Aspremont (chanson de geste)

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Aspremont is a 12th-century Old French chanson de geste (before 1190[1]). The poem comprises 11, 376 verses (unusually long for a chanson de geste[2]), grouped into rhymed laisses. The verses are decasyllables mixed with alexandrines.

In this tale, the African Saracen king Agolant and his son Helmont invade Calabria and defy Charlemagne through their messenger Balant. Charlemagne's troops come to fight them, but Charlemagne's nephew Roland is not allowed to join the battle due to his young age. The armies reach Aspromonte, and Charlemagne's paladins Naimes and Girart de Fraite prove their worth. In the end, Charlemagne is saved by Roland who defeats Helmont and his uncle forgives him his disobedience. In gratitude, Charlemagne gives Roland Helmont's horse (Veillantif) and sword (Durandal). In the end, Agolant dies and Charlemagne returns in triumph, although future battles with a disloyal Girart de Fraite are predicted.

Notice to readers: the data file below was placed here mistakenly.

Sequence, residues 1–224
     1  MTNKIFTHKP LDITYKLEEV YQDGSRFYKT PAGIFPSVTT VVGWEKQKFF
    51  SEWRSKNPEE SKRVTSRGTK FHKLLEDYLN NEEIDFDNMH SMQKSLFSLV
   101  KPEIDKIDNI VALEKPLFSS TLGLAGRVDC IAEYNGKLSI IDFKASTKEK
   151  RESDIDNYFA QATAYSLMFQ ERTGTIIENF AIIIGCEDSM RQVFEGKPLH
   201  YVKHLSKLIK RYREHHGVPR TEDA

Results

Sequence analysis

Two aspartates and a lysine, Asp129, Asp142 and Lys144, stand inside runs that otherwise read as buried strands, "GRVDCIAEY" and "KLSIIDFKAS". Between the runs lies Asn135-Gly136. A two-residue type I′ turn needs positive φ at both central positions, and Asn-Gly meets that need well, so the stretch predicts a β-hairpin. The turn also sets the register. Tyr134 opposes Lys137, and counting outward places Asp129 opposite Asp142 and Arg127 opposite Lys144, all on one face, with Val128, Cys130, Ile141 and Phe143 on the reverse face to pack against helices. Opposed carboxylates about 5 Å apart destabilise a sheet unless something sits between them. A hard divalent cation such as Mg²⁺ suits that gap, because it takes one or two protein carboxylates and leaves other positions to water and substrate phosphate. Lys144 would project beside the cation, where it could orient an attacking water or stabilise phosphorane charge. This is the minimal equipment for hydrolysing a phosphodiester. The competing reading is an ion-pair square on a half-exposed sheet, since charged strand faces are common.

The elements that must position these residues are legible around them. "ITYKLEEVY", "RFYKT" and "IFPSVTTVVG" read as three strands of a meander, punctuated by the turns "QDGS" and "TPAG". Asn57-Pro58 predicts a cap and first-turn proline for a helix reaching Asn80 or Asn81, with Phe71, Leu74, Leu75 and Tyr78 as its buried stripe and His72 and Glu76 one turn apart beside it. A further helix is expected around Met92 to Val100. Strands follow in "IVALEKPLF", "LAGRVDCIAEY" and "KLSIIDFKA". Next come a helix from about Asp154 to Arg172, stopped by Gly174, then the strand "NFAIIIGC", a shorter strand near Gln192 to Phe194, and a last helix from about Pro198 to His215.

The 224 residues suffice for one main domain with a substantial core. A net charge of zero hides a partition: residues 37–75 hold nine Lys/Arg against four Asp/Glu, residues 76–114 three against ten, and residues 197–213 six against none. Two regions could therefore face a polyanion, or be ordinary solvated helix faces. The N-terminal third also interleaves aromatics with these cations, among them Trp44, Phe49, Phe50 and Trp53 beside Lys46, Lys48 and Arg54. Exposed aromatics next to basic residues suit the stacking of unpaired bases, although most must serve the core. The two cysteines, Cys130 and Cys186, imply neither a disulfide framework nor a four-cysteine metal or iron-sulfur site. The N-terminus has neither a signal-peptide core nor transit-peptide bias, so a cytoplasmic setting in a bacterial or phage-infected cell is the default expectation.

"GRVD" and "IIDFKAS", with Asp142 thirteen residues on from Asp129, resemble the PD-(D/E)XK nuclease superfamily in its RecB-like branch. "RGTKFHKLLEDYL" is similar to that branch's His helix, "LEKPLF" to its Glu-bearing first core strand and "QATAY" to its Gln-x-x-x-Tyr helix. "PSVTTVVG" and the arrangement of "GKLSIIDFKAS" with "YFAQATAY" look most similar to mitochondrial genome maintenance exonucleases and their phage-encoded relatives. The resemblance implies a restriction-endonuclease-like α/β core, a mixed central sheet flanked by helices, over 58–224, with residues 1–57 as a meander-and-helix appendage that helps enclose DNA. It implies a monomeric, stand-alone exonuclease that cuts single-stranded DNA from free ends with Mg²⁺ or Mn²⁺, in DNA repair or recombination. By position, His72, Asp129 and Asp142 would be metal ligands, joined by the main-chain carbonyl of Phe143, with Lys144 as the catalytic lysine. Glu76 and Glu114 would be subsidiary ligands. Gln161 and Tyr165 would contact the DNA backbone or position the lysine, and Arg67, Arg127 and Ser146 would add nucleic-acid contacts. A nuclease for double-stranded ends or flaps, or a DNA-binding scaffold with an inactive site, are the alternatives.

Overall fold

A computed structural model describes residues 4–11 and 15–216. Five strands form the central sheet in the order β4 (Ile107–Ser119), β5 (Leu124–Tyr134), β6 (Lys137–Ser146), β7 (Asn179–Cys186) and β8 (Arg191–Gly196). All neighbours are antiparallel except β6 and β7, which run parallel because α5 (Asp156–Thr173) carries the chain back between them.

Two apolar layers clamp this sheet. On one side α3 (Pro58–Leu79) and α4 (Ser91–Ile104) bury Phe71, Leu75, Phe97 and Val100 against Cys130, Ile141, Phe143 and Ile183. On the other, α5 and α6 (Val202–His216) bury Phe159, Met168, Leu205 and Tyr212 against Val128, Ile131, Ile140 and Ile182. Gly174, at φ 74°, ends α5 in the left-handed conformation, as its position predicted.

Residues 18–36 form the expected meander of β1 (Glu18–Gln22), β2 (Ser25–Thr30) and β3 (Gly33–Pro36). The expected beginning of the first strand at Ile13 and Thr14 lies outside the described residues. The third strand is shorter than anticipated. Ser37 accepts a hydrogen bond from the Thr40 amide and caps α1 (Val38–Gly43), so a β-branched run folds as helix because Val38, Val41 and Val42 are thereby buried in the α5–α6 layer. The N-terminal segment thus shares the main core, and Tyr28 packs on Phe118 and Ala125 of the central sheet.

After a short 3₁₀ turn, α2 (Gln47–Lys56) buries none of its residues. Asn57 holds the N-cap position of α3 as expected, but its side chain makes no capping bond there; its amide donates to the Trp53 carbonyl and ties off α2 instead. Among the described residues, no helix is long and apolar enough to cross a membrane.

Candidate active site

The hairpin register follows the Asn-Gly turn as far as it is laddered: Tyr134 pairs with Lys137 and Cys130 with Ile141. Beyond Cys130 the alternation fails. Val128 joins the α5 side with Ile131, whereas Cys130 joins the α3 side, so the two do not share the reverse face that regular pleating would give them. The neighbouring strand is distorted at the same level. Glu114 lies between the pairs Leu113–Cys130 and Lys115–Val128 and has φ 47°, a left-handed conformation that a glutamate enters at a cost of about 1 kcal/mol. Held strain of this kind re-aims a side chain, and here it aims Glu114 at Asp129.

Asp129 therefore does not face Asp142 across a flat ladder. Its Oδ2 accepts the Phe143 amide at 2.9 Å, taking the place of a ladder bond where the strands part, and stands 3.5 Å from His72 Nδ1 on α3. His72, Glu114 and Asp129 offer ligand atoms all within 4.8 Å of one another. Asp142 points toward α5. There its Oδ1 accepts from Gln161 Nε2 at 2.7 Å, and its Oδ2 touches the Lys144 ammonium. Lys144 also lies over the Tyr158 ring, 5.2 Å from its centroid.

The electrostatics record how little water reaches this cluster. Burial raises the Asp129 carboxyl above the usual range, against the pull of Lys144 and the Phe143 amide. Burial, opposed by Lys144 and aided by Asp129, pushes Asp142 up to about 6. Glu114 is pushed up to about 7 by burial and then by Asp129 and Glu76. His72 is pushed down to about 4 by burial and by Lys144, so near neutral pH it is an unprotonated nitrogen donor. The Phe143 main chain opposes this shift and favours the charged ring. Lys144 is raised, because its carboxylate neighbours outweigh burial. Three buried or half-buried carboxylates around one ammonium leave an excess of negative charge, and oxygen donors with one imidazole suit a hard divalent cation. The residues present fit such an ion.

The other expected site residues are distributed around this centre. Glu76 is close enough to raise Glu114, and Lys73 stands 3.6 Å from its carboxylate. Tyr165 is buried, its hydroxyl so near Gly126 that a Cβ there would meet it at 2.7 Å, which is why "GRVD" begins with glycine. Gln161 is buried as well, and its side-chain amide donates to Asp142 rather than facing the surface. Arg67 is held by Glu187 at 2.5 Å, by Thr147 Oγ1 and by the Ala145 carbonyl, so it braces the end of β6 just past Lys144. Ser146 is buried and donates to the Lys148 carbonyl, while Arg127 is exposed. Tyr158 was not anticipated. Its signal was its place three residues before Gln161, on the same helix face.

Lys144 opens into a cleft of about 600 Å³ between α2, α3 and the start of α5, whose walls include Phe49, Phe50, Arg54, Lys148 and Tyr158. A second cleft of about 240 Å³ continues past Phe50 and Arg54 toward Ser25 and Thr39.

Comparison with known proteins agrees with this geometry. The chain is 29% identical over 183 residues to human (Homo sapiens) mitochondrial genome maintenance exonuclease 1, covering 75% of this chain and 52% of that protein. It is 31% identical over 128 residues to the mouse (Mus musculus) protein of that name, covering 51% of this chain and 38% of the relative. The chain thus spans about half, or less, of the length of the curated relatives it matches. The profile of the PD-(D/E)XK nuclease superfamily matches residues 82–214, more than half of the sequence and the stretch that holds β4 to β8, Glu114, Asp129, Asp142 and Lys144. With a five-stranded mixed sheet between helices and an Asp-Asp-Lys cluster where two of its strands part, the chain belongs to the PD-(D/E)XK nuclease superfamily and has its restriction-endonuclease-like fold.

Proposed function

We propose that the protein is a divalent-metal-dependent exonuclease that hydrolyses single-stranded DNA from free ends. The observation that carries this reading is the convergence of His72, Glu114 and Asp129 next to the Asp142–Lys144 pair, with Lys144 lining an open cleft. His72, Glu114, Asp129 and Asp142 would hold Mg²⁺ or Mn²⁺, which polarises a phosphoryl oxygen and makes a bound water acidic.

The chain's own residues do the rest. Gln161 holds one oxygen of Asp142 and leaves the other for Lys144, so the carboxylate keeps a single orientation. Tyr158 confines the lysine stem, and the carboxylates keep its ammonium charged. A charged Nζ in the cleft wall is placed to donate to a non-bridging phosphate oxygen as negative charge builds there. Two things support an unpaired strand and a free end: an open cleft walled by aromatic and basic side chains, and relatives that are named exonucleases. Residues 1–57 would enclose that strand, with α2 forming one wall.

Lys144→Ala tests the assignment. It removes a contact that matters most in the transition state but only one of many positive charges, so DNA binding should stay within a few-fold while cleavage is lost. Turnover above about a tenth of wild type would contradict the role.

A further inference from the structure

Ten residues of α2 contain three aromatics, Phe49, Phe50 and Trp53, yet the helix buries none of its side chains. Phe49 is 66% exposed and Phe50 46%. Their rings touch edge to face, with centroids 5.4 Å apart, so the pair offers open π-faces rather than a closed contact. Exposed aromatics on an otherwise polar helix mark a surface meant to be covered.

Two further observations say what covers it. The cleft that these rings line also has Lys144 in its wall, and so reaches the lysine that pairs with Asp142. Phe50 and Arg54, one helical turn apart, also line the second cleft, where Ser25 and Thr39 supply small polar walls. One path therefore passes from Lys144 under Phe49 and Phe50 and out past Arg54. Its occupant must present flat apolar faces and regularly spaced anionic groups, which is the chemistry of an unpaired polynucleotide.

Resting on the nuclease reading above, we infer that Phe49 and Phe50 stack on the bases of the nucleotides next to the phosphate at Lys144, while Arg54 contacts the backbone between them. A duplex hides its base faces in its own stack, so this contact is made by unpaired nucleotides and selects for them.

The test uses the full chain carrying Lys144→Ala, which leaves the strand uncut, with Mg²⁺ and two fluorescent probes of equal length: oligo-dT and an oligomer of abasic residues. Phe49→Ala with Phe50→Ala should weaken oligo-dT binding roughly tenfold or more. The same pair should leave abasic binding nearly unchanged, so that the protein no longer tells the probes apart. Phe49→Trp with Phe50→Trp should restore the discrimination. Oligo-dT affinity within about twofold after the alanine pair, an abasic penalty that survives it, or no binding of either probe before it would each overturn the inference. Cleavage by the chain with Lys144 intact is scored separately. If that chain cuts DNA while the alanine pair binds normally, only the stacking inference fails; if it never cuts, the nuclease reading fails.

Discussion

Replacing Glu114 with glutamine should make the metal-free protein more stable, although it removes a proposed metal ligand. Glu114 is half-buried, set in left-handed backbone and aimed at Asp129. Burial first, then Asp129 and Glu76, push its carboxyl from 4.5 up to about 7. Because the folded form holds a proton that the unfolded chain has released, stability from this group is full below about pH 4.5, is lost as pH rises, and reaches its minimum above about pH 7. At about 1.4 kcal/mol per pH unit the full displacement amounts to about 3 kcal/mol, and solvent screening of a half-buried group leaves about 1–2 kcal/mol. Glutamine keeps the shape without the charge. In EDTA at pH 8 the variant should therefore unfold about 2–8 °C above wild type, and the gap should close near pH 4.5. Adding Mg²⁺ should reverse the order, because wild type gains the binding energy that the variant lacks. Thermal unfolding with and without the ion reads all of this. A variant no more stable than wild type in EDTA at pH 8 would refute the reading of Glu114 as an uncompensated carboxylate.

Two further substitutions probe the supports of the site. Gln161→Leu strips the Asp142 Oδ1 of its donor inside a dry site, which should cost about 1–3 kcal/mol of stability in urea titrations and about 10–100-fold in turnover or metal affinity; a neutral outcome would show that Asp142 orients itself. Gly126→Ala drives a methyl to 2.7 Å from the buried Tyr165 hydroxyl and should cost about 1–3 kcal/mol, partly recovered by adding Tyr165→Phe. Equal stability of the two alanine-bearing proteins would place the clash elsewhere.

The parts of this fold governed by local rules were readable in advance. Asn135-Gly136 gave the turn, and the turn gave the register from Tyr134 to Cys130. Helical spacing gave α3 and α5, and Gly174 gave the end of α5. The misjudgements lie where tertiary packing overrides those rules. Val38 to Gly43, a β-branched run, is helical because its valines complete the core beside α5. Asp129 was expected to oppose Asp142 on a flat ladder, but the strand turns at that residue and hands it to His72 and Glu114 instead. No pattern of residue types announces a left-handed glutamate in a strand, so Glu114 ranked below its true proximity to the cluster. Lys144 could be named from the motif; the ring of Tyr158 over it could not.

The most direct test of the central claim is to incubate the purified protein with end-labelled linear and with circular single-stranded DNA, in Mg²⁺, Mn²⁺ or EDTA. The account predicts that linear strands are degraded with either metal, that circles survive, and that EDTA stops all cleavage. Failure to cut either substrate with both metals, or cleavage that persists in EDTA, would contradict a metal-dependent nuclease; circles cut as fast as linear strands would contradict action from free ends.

Versions of this chanson were extremely popular in England, Italy (see the adaptation by Andrea da Barberino) and even Scandinavia.


  1. ^ Hasenohr, 106.
  2. ^ Holmes, 83.


  • (French) Geneviève Hasenohr and Michel Zink, eds. Dictionnaire des lettres françaises: Le Moyen Age. Collection: La Pochothèque. Paris: Fayard, 1992. pp. 106-7. ISBN 2-253-05662-6
  • (English) Holmes, Jr, Urban Tigner [U.T.]. A History of Old French Literature from the Origins to 1300. New York: F.S. Crofts, 1938. p. 83.
  • (English) Newth, Michael A., translator and editor. The Song of Aspremont (La Chanson d'Aspremont). New York: Garland, 1989.